New MRA brings the latest technology to Carson-Tahoe Hospital

Radiologist Dr. Gregg McAninch has nothing but praise for Carson-Tahoe Hospital's newly acquired magnetic resonance angiography machine

"This method has the ability to revolutionize what we are able to do," McAninch said, noting some of the advantages are speed, versatility, and patient comfort.

The $2 million machine was put in place in early June and is busy 12 hours a day, five days a week. Service will be expanded once more technicians are trained.

Our bodies are made up of 95 percent hydrogen atoms which at any given time are spinning around at random. When subjected to the force of a strong magnetic field, 15,000 times the force of gravity, they line up and spin in the same direction. Radio waves are passed through the body, and the hydrogen gives off a signal. That signal together with the aid of computer technology becomes a picture, or more accurately, dozens of pictures.

Everything from the size of tumors to constriction of arteries can be monitored and measured. Images saved over time can determine if a tumor has shrunk or expanded and the information used to determine if a patient is responding to therapy. Other technologies, such as magnetic resonance imaging, have that capability but this method is much less invasive.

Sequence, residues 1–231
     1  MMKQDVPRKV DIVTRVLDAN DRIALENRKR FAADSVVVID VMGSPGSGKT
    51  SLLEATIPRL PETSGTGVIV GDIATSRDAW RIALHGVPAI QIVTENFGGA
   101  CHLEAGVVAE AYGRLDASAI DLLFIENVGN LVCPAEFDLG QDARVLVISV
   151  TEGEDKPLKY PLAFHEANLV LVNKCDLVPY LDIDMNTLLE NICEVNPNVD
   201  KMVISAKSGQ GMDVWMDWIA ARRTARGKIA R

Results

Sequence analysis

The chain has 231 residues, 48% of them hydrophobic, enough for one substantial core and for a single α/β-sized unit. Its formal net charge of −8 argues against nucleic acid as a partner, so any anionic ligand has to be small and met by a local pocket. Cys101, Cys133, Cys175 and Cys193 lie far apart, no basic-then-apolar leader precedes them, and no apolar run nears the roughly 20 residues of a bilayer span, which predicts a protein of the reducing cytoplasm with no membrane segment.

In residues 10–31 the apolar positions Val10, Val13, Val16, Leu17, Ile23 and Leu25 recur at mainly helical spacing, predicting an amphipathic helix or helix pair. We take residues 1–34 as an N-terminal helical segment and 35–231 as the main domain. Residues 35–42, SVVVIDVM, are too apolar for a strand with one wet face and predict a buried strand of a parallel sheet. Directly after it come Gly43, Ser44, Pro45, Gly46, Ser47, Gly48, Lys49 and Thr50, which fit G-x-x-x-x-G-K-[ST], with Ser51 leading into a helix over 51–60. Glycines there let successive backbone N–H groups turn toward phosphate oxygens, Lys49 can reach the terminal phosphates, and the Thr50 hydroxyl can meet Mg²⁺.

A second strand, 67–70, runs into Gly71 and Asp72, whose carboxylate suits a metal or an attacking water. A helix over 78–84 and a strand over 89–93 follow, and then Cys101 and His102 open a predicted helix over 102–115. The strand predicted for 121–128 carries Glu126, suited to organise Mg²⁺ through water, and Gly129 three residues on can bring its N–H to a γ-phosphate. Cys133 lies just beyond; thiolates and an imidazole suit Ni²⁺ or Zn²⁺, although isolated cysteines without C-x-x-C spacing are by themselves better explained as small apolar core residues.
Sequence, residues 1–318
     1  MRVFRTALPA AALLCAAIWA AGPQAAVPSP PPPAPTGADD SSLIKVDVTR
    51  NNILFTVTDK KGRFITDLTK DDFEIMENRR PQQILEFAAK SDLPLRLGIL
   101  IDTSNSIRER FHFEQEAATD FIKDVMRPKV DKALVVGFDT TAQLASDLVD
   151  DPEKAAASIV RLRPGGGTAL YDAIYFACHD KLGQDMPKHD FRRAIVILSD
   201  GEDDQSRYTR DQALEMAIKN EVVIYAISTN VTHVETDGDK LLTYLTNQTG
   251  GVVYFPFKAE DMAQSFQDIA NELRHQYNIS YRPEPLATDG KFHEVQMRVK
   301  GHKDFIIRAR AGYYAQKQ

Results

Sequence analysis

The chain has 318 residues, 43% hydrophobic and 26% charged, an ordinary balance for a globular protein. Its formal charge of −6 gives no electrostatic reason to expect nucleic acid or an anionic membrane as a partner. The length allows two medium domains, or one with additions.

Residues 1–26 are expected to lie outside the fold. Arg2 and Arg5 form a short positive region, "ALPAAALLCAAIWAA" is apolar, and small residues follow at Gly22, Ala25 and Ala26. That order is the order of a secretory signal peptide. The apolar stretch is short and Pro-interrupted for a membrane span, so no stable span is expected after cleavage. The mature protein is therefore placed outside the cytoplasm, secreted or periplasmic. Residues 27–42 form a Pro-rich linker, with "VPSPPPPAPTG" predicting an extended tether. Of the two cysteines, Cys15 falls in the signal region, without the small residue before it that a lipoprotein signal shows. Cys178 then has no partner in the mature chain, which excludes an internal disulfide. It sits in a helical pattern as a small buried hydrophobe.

And while the magnetic field commonly aligns hydrogen, the frequency used determines which element is detected. The ability to examine chemicals is leading edge technology that could lead to less invasive procedures in many patients.

The presence of a substance called choline can be determined on a different frequency and indicates the active metabolism found in cancerous tumors. An increase in lactic acid can be an indication of a stroke. The list of advantages goes on.

Determining the exact location of traumatic aneurysms can be critical to the surgeon and with MRA they can be pinpointed without moving the patient because the image can be moved on a monitor.

The machine can also define the status of stroke victims, which ultimately can determine the mode of treatment.

The machine is a joint venture between Carson-Tahoe Hospital and Tahoe-Carson Radiology.


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